A visiting scholar from the University of New South Wales, Dr. Alvin Kuowei Tay brings extensive experience with refugees suffering from Post-Traumatic Stress Disorder (PTSD) to the Global Mental Health (GMH) Lab at Teachers College. Founded by Dr. Tay’s faculty host and Dr. Helen Verdeli, the Lab has worked for years with under-resourced populations in developing countries.
Dr. Tay was testing a novel psychosocial therapy he developed in Bangladesh with the United Nations High Commissioner on Human Rights (UNHCR) when he discovered the Lab through its work with Rohingya refugees fleeing persecution by Myanmar’s government. For the past three years, in collaboration with UNHC, the Lab has been evaluating the effectiveness of Interpersonal Psychotherapy (IPT) for refugees like the Rohingya. Now, Dr. Tay is contributing his expertise to the Lab’s work on sustainable mental health solutions for refugee populations. Even though he admits that there will probably never be enough mental health professionals to meet the needs of the world’s refugees, he believes this research is still critical to the ongoing effort.
Dr. Tay has always been interested in working with refugees, but how he planned to do so has changed significantly over the years. Having abandoned studies in law, he ended up pursuing a masters (in forensic/clinical psychology) followed by a doctorate in medicine (with a focus on psychiatric epidemiology) at the South-western Clinical School of the University of New South Wales. It was there that Dr. Tay began working with refugees from West Papua and Papua New Guinea. He also researched post-conflict mental health in East Timor, the site of genocide perpetrated by the Indonesian government prior to the country’s independence in 2002. Since then, Dr. Tay has been working in Bangladesh and Malaysia with refugees from the Rohingya, Chin, and Kachin ethnic groups. More recently, as a National Health and Medical Research Council (NHMRC) Australia Clinical Fellow, Dr. Tay devoted time to designing and leading epidemiological and clinical research studies, and testing adapted forms of psycho-social therapies in low-resource and emergency contexts based on the work he has conducted since 2014.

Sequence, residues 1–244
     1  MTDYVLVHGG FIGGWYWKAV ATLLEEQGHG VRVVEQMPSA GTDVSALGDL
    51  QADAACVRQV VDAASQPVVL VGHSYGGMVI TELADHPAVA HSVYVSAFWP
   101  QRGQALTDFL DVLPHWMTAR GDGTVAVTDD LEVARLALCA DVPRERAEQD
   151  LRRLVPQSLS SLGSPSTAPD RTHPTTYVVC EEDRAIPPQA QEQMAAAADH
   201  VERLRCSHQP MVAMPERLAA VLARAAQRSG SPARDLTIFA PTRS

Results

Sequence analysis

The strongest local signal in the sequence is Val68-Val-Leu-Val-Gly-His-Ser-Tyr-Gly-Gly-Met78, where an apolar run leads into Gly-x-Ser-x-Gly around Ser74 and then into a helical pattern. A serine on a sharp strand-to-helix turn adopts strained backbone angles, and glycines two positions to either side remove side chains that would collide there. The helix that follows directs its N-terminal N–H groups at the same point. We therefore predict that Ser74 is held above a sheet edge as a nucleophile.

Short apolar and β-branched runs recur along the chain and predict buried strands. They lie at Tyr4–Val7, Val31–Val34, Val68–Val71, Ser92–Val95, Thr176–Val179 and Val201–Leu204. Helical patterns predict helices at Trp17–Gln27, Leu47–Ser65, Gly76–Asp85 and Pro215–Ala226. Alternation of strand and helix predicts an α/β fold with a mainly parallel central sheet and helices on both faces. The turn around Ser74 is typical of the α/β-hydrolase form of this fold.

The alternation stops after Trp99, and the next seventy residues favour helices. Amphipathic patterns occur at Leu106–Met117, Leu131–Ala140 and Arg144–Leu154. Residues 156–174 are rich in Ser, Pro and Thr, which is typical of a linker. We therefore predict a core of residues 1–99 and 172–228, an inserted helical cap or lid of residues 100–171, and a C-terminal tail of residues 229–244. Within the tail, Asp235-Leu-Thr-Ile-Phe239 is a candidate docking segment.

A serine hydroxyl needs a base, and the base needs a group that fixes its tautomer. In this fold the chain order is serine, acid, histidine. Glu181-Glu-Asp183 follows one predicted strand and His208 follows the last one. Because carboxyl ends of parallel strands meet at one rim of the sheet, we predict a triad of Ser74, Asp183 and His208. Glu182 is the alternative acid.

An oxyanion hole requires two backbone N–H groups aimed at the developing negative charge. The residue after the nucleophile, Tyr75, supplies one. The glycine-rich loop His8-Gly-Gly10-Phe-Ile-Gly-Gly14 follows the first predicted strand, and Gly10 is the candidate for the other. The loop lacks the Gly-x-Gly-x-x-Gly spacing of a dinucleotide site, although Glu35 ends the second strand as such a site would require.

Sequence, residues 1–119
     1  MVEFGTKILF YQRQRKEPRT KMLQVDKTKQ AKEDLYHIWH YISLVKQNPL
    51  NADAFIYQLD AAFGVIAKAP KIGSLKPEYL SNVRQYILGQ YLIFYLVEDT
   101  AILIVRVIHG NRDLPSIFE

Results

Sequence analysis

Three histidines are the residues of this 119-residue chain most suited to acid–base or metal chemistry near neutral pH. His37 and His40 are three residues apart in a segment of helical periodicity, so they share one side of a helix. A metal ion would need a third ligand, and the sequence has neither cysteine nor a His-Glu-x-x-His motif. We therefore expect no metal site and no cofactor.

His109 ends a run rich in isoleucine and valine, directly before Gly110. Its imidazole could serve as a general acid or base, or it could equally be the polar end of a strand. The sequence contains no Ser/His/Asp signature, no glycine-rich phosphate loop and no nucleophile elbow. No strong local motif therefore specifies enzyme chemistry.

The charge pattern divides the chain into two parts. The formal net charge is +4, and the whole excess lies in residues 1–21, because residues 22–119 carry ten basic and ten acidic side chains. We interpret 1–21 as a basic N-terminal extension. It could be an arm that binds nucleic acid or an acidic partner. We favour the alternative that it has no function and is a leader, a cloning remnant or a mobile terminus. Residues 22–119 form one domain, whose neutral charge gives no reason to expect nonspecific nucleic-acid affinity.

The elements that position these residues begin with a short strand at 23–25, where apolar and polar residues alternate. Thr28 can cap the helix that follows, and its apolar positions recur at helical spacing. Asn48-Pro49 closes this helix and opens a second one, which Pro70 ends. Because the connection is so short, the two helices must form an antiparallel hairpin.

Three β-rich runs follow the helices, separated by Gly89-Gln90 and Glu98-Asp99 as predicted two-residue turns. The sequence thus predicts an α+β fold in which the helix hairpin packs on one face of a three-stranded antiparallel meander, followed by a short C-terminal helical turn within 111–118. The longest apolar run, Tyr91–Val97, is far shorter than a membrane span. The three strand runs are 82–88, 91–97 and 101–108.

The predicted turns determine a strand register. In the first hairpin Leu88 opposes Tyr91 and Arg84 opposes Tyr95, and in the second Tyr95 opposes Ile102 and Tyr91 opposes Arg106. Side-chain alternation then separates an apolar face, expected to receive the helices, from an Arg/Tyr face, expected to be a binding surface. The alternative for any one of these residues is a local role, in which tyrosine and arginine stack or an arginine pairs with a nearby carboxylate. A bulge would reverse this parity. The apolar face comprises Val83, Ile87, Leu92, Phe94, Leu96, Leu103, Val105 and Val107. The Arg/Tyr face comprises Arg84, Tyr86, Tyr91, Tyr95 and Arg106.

It was in Australia that Dr. Tay initiated his current course of study and work on global and refugee mental health. While writing reports for the immigration services in Australia as an expert psychologist, he witnessed how the process of seeking asylum can re-traumatize refugees. At a time when governments in wealthy nations are under tremendous popular pressure to keep migrant numbers low, asylum applicants come under a great deal of scrutiny by immigration officials. Oftentimes, refugees are forced to undergo repeated interrogations and hearings while awaiting final decisions in detention centers with very limited services and amenities. In addition, Immigration officials doggedly pursue discrepancies in applicants’ testimonies in order to justify deportation. However, many refugees suffer from memory problems triggered by the initial trauma of fleeing their home countries; these problems can make them more likely to make innocent mistakes during hearings. Adding to this, the records in the refugee’s home country may be incorrect, which may lead to misunderstandings during the testimonies. All of these factors play a major part not only in whether or not a refugee is deported, but also how the entire experience impacts the person going forward.
With these research experiences, it made sense then for Dr. Tay to seek out the GMH Lab. The Lab’s unique focus on mental health for displaced populations, as well as its dedication to addressing gaps in mental health resources for said populations drew Dr. Tay to Teachers College. “Dr. Verdeli’s Lab is one of the few labs that specifically focuses on mental health in developing countries [and] in post-conflict countries,” he explained. Refugee populations have experiences that span many different kinds of trauma.
Dr. Tay is in his second semester at Teachers College. In addition, he is working with the United Nations at their headquarters in Manhattan. He looks forward to taking more time to explore Teachers College and its programs before he returns to Australia.